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Sarwar Kashmeri Headshot

Of Iraq, Afghanistan, and Michigan

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The front page of the Wednesday, September 7, 2011 New York Times makes for macabre reading. After thousands of American military deaths, hundreds of thousands of civilian deaths, and trillions of dollars spent on the wars in Iraq and Afghanistan, American military commitments in those countries are not about to end any time soon. But what is sure to end next month, as the NYT reports, is the cash assistance that 11,000 poor families in Michigan receive.

Over the decade that the U.S. has been sinking its blood and treasure fighting the unending wars in Iraq and Afghanistan, 2.4 million more American children's families sank under the poverty line, an 18% increase in this tragic number. While Michigan taxpayers help pay for plans to permanently station thousands of security contractors to protect American diplomats and civil servants headed to Iraq in what will become the largest U.S. Embassy on earth, Jeananne Bishop, a poor Michigander washes her hair with laundry detergent because she cannot afford shampoo.

Almost a quarter of Michigan's children live in poverty today. This is up by 14% over the duration of the Iraq/Afghanistan wars. While not setting any time limits for funding the presence of American troops in Iraq or Afghanistan, Congress has set a Federal lifetime limit of five years on cash assistance to America's needy.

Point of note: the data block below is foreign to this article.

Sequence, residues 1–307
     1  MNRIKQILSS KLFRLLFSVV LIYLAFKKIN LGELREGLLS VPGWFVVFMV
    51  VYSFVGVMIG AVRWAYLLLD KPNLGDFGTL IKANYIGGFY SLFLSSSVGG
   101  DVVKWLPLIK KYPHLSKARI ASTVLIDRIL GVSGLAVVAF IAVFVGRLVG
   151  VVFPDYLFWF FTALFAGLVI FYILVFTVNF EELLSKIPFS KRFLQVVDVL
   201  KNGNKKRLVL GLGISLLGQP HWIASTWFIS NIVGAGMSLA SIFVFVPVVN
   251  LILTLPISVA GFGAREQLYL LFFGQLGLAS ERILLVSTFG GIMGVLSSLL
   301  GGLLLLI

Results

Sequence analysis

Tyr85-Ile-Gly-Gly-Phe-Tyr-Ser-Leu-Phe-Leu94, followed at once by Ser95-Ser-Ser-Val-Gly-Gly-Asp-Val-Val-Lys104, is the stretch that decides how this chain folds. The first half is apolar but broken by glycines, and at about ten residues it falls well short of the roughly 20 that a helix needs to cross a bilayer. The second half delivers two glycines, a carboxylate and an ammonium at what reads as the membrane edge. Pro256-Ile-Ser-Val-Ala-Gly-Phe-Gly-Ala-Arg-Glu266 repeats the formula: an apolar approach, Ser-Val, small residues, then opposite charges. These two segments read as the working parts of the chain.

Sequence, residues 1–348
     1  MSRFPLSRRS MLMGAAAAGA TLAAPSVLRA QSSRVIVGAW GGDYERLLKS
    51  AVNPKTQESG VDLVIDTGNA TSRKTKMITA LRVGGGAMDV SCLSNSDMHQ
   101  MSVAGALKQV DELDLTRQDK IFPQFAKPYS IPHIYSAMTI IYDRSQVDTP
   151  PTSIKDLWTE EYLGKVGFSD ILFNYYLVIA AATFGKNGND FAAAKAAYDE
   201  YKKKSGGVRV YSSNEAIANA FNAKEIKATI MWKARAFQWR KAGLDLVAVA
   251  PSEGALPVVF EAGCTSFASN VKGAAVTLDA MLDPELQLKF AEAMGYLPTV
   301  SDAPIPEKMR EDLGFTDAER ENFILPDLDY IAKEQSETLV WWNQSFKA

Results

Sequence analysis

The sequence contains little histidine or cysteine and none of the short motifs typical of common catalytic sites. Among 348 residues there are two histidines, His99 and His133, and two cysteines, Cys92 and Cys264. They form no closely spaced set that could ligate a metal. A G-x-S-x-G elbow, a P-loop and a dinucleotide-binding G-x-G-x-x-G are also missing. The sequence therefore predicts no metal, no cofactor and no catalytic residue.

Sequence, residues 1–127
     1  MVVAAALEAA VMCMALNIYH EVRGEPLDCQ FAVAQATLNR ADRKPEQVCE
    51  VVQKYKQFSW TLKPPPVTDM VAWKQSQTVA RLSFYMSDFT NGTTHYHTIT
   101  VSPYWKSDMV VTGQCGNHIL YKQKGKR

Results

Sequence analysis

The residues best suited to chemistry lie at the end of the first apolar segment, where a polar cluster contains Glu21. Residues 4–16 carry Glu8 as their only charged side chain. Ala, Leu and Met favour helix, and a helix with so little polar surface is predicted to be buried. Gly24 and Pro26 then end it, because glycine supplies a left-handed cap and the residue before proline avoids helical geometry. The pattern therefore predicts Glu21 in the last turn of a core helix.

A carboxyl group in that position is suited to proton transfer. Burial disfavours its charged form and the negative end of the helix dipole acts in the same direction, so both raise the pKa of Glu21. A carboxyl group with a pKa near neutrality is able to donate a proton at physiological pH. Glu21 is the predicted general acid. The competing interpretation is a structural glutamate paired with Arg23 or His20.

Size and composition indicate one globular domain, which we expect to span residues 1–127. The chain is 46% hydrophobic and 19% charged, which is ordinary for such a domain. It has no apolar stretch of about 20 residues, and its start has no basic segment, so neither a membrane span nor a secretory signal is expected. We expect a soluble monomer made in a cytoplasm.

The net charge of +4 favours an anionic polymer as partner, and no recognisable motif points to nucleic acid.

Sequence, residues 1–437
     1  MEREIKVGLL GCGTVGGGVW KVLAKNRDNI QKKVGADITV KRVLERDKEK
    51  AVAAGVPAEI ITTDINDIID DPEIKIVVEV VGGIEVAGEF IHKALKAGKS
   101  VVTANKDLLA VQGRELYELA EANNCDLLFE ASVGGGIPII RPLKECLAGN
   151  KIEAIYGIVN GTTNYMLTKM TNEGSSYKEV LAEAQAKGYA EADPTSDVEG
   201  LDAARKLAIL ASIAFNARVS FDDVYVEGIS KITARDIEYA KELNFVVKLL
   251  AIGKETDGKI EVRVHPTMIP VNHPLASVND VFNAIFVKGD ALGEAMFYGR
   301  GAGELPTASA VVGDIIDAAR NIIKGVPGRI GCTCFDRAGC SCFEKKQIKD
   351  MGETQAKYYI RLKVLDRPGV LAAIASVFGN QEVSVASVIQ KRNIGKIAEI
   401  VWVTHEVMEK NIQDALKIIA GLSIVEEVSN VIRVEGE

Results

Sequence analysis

The hollowing out of social safety nets in Michigan is mirrored throughout America. And its impact is hugely magnified by a global economic recession that itself shows no signs of ending. This situation is at the same time callous, unethical, toxic, and un-American. It cannot be allowed to continue.

Yes there are people who take advantage of social safety nets, and have perfected the art of living on the government dole. There will always be people who try to game the system, just look at the recent shenanigans on Wall Street. But most Americans, on Wall Street or Main Street, do not behave in this manner, not in my experience any way. Yet, the future health and ability to survive in this catastrophic recession, of an increasingly broad cross-section of Americans has been compromised by limiting the amount of aid they can receive. It is simply not right to do this while continuing to spend over $200 billion annually in Iraq and Afghanistan.

A few months ago, while doing research in Brussels for my book on NATO, I talked to one of the Alliance's key military commanders, a European. At the end of our conversation he told me that he considers himself to be as great an admirer of America as it is possible to find. "But," he said, "You are now balanced on the edge of a precipice; with your economy, your society, and your civil structure close to a breaking point. You have been at war nonstop for almost two generations. It is time to stop these military involvements and rebuild your economy and your society before it is too late."

I was reminded of this conversation as I read the New York Times yesterday. It is time to heed this wise military man's advice. It is time to stop the unending wars and withdraw from Iraq and Afghanistan lock, stock, and barrel. Before we slide down the precipice, and it is too late.